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Lyndon B. Johnson: Remarks at El Toro Marine Corps Air Station, California
Lyndon B. Johnson
81 - Remarks at El Toro Marine Corps Air Station, California
February 17, 1968
Public Papers of the Presidents
Lyndon B. Johnson<br>1968-69: Book I
Lyndon B. Johnson
1968-69: Book I

United States
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General Walt, General Kyle, General Quilter, General Thrash, General Sawyer, troopers:

Tonight, I have come to bid you Godspeed as you leave-some of you for the second time-to defend your Nation's cause.

Your destination—I Corps in Vietnam—is torn and scarred tonight. More than any other stretch of territory, it is a place where the meaning of this war is clearly revealed.

The enemy, who set out 9 years ago to conquer South Vietnam by force, is showing precisely what he intends in I Corps. He makes no pretense of talking about land re form, or of improving the lives of the people. He wants, instead, his neighbor's land. He believes the way to get it is at the point of a gun.

He is undertaking what he calls his "Route 9 Offensive." He plans to strike along that route and to plant his flag on the free soil of the Republic of Vietnam. Defeated in every other part of the country, he has concentrated his major effort there, with regular forces of the North Vietnamese Army. At Quang Tri—at Hue—at Danang—at Khe Sanh—tonight United States Marines stand squarely in the path of his plan.

Freedom's defense could not be in better hands.

The Marines in Vietnam have not only shown how bravely they can fight. They have also pioneered in an effort that has no precedent whatever in warfare. They have shown the Vietnamese people, whose lives and homes they defend, how to hope. Side by side with their allies, they have planted seeds of freedom in hundreds of villages. They have inspired new courage, new confidence, in all the people. And the people will not forget.

And now the enemy has brought new heartbreak to the land he has invaded. He has marked his path with flame and terror and the time of testing is still not over.

This is a decisive time in Vietnam. The eyes of the Nation and the eyes of the entire world-the eyes of all of history itself-are on that little, brave band of defenders who hold the pass at Khe Sanh and the area that is around it.

We do not doubt the outcome.

General Walt, who is here with me tonight, who has flown across the land with me today, tells me that he has walked every mile of I Corps. And General Walt believes it can be defended. And I read that same message in your eyes.

The enemy's tide will be broken. The villages—and the treasured city of Hue—will be rebuilt. Freedom will survive-because brave men like you are going there to preserve it.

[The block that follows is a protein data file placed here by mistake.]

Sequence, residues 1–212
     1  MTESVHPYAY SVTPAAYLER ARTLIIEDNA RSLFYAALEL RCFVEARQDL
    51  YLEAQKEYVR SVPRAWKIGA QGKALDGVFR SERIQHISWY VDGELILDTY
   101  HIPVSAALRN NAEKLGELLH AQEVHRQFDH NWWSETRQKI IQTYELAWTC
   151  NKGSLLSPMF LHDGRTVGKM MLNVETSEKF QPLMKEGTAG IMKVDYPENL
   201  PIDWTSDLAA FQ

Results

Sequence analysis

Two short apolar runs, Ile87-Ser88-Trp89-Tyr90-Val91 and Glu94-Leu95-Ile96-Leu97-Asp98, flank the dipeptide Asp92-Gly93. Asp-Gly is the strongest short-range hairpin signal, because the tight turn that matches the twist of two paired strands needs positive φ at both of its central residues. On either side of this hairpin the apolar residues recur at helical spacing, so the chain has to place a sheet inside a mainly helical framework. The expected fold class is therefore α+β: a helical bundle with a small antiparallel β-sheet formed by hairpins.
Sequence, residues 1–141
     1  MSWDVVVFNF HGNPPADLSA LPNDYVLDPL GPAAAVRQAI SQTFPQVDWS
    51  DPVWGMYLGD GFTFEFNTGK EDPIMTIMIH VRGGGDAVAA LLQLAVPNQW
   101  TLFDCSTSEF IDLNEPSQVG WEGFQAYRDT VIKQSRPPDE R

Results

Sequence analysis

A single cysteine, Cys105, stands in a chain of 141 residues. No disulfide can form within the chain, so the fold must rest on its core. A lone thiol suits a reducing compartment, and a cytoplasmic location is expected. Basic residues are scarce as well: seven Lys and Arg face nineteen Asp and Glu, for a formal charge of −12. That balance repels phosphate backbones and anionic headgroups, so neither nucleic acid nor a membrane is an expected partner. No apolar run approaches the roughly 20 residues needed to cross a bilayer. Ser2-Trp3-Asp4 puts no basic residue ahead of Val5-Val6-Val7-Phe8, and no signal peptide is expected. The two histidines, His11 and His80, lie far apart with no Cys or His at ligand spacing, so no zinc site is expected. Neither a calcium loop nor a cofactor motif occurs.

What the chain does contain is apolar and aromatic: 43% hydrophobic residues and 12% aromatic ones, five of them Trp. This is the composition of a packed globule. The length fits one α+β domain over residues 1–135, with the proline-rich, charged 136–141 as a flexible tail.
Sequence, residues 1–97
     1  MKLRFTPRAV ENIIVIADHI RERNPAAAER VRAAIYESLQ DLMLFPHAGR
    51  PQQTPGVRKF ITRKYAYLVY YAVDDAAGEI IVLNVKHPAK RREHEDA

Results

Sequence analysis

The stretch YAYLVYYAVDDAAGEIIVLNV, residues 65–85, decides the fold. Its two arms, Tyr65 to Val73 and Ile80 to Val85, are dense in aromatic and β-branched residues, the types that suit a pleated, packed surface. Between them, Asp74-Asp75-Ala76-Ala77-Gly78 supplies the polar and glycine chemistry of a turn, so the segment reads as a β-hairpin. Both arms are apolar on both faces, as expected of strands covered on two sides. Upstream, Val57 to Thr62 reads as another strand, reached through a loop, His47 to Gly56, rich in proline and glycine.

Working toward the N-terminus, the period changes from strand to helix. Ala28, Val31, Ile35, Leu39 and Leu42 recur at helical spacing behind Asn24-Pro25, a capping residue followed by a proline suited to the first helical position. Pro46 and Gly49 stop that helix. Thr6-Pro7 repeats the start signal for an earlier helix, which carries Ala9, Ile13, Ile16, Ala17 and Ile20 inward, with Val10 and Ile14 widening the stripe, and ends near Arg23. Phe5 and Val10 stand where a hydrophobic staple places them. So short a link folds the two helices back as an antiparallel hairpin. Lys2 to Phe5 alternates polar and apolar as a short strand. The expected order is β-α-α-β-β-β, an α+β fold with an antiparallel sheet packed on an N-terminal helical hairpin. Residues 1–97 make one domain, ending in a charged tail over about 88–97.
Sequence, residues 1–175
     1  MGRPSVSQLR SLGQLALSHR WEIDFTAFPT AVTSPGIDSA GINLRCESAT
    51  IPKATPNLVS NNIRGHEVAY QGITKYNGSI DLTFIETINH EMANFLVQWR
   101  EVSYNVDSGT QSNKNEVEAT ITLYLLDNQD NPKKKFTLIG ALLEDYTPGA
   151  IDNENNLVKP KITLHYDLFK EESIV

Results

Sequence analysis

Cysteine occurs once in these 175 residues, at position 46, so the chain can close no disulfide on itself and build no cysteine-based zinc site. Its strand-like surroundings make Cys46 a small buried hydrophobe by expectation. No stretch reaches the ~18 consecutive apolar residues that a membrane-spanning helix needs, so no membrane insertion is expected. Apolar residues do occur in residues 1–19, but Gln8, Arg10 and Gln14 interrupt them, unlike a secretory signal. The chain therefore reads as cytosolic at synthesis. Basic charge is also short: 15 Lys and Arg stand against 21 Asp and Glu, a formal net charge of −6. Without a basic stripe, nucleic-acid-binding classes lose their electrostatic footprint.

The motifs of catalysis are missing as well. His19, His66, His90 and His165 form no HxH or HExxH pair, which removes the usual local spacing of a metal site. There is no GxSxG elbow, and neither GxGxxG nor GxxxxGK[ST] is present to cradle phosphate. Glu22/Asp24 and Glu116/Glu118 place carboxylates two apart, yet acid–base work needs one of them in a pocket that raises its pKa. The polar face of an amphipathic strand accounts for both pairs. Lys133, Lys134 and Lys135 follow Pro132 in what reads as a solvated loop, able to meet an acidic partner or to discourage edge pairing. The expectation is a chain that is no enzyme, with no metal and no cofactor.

You—and the men of the Airborne to whom I spoke earlier today at Fort Bragg—are the sons of America's best years, the best years any nation, any people, have ever known. Whatever the station from which you come, you—and your families—are living a life that no others have ever lived.

If there is goodness in our American life, it flows from the reality that we live in peace—without fear of our neighbors—without threat from aggressors-without hating or knowing that we are hated by ancient foes.

Peace has been, and peace is, the great American blessing. It is peace that we seek to help others find so that they may live as we in America are privileged to live. When men cry, "Peace," do they not know that Americans cannot give peace to the world by ever abandoning it to aggressors?

When men cry, "Peace," do they not understand that we cannot keep peace for ourselves by withdrawing from the challenges that the enemies of peace present?

But nations—like men—are never privileged to know and never able to choose the precise moment when their destiny is determined. We can only know—and we can only strive to answer—the call of duty when that call comes, and the call has come tonight.

The men at Khe Sanh, in I Corps, need help. They have asked for it. If you were there and they were here, they would come to help you.

I have asked you to go and help them. And I know you will do your duty and that you will get the job done. Our hearts and our hopes fly with you as you leave on this weekend.

May God keep you safely and someday bring you—and all with whom you stand—to live in a nation and to live in a world that is made peaceful by the duty that you now undertake.

May God bless and keep each of you. We are proud of you. Your Nation is proud of you. And we will be prouder when you come marching home after you have done the job.

Thank each of you, and good night.

NOTE: The President spoke at 8:42 p.m. In his opening words he referred to Lt. Gen. Lewis W. Walt, Assistant Commandant of the Marine Corps, Maj. Gen. Wood B. Kyle, Commander of the 3d Marine Division at Camp Pendleton, Calif., Maj. Gen. Charles B. Quilter, Commander of the 3d Marine Aircraft Wing, Maj. Gen. William G. Thrash, Commander of Marine Corps Air Bases West and Marine Corps Air Station, El Toro, and Brig. Gen. Webb D. Sawyer, Assistant Commander, 3d Marine Division.

APP Note: In the "Public Papers of the Presidents," this transcript is included as item #81 along with two additional transcripts recording visits to different military facilities under the heading, "Remarks During a Weekend Tour of Military Installations: February 17-18, 1968". The American Presidency Project distinguishes each event.

Citation: Lyndon B. Johnson: "Remarks at El Toro Marine Corps Air Station, California," February 17, 1968. Online by Gerhard Peters and John T. Woolley, The American Presidency Project. http://www.presidency.ucsb.edu/ws/?pid=104405.
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